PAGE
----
PORTLAND, Maine — Now in its fourth year, the Portland Maine Film Festival remains as underground as the films it supports.
“The big festivals have become an arm for Hollywood,” said Tyler Johnston, founder of the grassroots festival being held this weekend.
Of the 20 shorts and feature-length films screened at the University of Southern Maine and co-working space Think Tank, Maine-made and Bahamian pictures take center stage.
Opening night film “ How To Make Movies At Home,” is a humorous take on the ups and downs of shooting a low-budget film in the Pine Tree State. Director Morgan Nichols, a Kennebunk native now living in Brooklyn, will field audience questions Friday night.
“The point of the film is to inspire young people to pick up cameras and do it yourself,” said Nichols, who shot his movie in Biddeford, Kennebunk and Portland with $25,000 from Kickstarter. “What’s wrong with cinema today is it’s deeply in the hands of the industry. We need to entertain ourselves with less dollars spent.”
“The County,” a documentary about Aroostook County, and “ Like the Water,” a narrative filmed in Camden and Jefferson County in 2011, does just that while showcasing Maine on the silver screen. “Like the Water” Director Caroline von Kuhn will be present to screen her drama about a journalist who returns to her seaside hometown to attend a friend’s funeral and write her eulogy. The film closes out the three-day event.
“The landscape of Maine is such a character in the film,” said von Kuhn, who lives in New York and is the managing director of the Camden International Film Festival. “I’m unbelievably excited to be sharing it on the big screen with an audience.”
Johnston, who grew up in Yarmouth and the Bahamas, has created a hybrid festival to celebrate both coastal regions that share an independent spirit.
“We want this to become a world-class film festival and find people to spread the vision,” said Johnston, a filmmaker and artist.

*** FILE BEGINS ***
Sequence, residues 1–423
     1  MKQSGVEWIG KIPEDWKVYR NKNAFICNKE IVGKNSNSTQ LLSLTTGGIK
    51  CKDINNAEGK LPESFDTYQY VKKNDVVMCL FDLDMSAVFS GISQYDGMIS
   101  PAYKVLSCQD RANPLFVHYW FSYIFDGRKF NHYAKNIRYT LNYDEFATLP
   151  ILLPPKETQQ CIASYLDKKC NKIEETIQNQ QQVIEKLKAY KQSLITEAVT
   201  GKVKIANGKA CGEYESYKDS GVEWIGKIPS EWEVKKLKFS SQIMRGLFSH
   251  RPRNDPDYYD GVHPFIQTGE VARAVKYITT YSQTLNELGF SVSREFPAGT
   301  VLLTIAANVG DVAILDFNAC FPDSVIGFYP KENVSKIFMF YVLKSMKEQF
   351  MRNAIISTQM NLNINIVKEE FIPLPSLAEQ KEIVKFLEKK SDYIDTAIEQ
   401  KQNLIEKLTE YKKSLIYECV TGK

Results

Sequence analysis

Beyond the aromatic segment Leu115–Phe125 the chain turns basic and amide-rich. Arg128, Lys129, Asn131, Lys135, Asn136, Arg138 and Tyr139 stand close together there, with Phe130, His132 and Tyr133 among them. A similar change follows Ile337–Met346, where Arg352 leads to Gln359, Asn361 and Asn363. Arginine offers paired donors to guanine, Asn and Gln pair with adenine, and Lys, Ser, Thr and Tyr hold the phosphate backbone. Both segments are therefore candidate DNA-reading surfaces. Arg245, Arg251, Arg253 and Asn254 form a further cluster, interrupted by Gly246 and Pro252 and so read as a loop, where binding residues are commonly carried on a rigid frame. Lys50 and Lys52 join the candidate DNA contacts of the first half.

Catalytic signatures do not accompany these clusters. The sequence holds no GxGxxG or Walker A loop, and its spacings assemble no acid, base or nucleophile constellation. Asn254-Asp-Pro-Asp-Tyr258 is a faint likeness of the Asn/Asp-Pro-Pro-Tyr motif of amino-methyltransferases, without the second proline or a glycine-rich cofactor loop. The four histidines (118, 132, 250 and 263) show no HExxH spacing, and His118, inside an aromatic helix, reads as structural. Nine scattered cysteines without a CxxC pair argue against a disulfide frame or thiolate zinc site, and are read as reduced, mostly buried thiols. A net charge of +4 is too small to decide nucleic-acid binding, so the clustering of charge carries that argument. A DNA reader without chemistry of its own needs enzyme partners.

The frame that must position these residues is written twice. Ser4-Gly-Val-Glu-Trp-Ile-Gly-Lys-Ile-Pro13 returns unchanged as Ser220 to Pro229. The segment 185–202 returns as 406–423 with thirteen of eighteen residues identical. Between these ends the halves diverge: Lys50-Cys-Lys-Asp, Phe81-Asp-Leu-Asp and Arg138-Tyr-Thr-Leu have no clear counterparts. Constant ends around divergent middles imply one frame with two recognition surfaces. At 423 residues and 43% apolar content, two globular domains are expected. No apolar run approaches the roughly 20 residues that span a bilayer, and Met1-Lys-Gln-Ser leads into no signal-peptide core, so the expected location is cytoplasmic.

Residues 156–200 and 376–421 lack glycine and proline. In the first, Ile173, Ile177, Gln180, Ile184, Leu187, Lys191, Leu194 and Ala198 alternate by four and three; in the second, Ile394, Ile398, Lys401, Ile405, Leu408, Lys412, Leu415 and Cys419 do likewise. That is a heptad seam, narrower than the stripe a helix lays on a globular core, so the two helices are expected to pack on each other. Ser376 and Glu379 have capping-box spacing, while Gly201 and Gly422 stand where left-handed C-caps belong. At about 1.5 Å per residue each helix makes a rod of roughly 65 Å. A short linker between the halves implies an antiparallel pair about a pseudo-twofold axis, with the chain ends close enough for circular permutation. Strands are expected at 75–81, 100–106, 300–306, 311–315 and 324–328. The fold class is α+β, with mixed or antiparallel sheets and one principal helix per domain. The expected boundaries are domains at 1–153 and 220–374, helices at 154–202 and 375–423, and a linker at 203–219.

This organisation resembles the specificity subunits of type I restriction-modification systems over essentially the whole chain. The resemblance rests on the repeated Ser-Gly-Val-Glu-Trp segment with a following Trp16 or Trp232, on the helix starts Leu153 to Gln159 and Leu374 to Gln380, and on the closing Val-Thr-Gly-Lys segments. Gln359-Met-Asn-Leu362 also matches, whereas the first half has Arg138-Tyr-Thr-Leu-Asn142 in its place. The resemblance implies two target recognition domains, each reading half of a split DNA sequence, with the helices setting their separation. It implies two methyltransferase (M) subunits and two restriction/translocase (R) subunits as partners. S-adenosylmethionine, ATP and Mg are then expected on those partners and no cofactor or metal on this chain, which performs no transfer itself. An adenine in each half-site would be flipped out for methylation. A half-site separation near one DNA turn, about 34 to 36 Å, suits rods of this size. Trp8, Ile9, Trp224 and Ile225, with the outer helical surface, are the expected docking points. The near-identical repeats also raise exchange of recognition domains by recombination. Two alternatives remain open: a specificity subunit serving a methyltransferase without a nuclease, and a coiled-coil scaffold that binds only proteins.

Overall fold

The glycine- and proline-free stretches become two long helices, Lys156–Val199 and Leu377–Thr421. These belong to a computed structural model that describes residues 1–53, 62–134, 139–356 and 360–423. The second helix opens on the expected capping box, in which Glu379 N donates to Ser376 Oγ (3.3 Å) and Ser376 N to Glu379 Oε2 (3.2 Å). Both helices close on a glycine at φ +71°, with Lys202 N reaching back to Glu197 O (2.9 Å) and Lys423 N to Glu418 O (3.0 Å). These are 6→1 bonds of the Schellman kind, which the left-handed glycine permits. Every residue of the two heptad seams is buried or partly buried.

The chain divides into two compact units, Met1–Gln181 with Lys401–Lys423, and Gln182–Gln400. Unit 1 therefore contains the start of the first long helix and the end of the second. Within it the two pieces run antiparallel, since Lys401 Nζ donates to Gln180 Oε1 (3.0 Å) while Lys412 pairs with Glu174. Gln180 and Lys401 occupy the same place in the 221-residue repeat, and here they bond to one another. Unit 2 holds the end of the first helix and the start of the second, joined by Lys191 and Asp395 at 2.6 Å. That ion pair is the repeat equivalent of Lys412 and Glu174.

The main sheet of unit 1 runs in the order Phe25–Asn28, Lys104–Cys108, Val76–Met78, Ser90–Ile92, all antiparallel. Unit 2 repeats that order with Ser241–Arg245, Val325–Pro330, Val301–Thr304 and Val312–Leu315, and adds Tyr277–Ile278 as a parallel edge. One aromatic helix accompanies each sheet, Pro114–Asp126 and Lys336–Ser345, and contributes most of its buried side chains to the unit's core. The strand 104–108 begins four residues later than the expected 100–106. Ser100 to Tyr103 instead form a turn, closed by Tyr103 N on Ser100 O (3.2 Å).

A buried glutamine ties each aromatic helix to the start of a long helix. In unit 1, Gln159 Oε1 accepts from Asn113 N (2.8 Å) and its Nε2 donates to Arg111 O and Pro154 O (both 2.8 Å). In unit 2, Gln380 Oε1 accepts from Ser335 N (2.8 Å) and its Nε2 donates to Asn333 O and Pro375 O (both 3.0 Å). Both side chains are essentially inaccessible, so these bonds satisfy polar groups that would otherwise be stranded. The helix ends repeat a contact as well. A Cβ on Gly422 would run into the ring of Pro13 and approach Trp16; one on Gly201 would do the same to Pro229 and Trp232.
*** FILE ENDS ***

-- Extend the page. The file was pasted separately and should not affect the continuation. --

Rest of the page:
This collaboration with the Bahamas Film and TV Commission brings a smattering of Bahamian films such as “Passage,” about a Haitian brother and sister immigrating to the Bahamas on a wooden ship and “I’m not Through,” a music video. Tyler sees this as a “cultural exchange program” uniting film heavyweights from the tropics to the rocky coast.
There will be awards, panel discussions and a beach party at the event.
“This a chance for filmmakers to hang out and build relationships,” he said.
As with any startup, money has been a struggle for the fledgling fest that seeks to showcase provocative films in Maine’s largest city. Founders Johnston and entrepreneur and documentarian Patrick Roche, who have been planning this all year, hope financial partners step up to the plate for their 5th year. Filmmakers agree.
“The art scene seems so strong in Portland, there must be such a great film culture there. I’m excited to learn more about it,” said von Kuhn. “There should be more film festivals there.”
MENSK, a local arts based nonprofit is a fiscal sponsor, but more is needed to put Portland Maine Film Festival on the same playing field as the Camden International Film Festival or Maine International Film Festival, for example.
“There is a strong Maine film community; we see no reason why this can’t become a South by Southwest,” said Johnston.
The Portland Maine Film Festival starts 6:30 p.m. Friday Nov. 8, at Hannaford Hall on USM’s Portland Campus. An opening night film and after party pass is $15. Movie tickets are $8. For a full schedule and program, visit portlandmainefilmfest.com.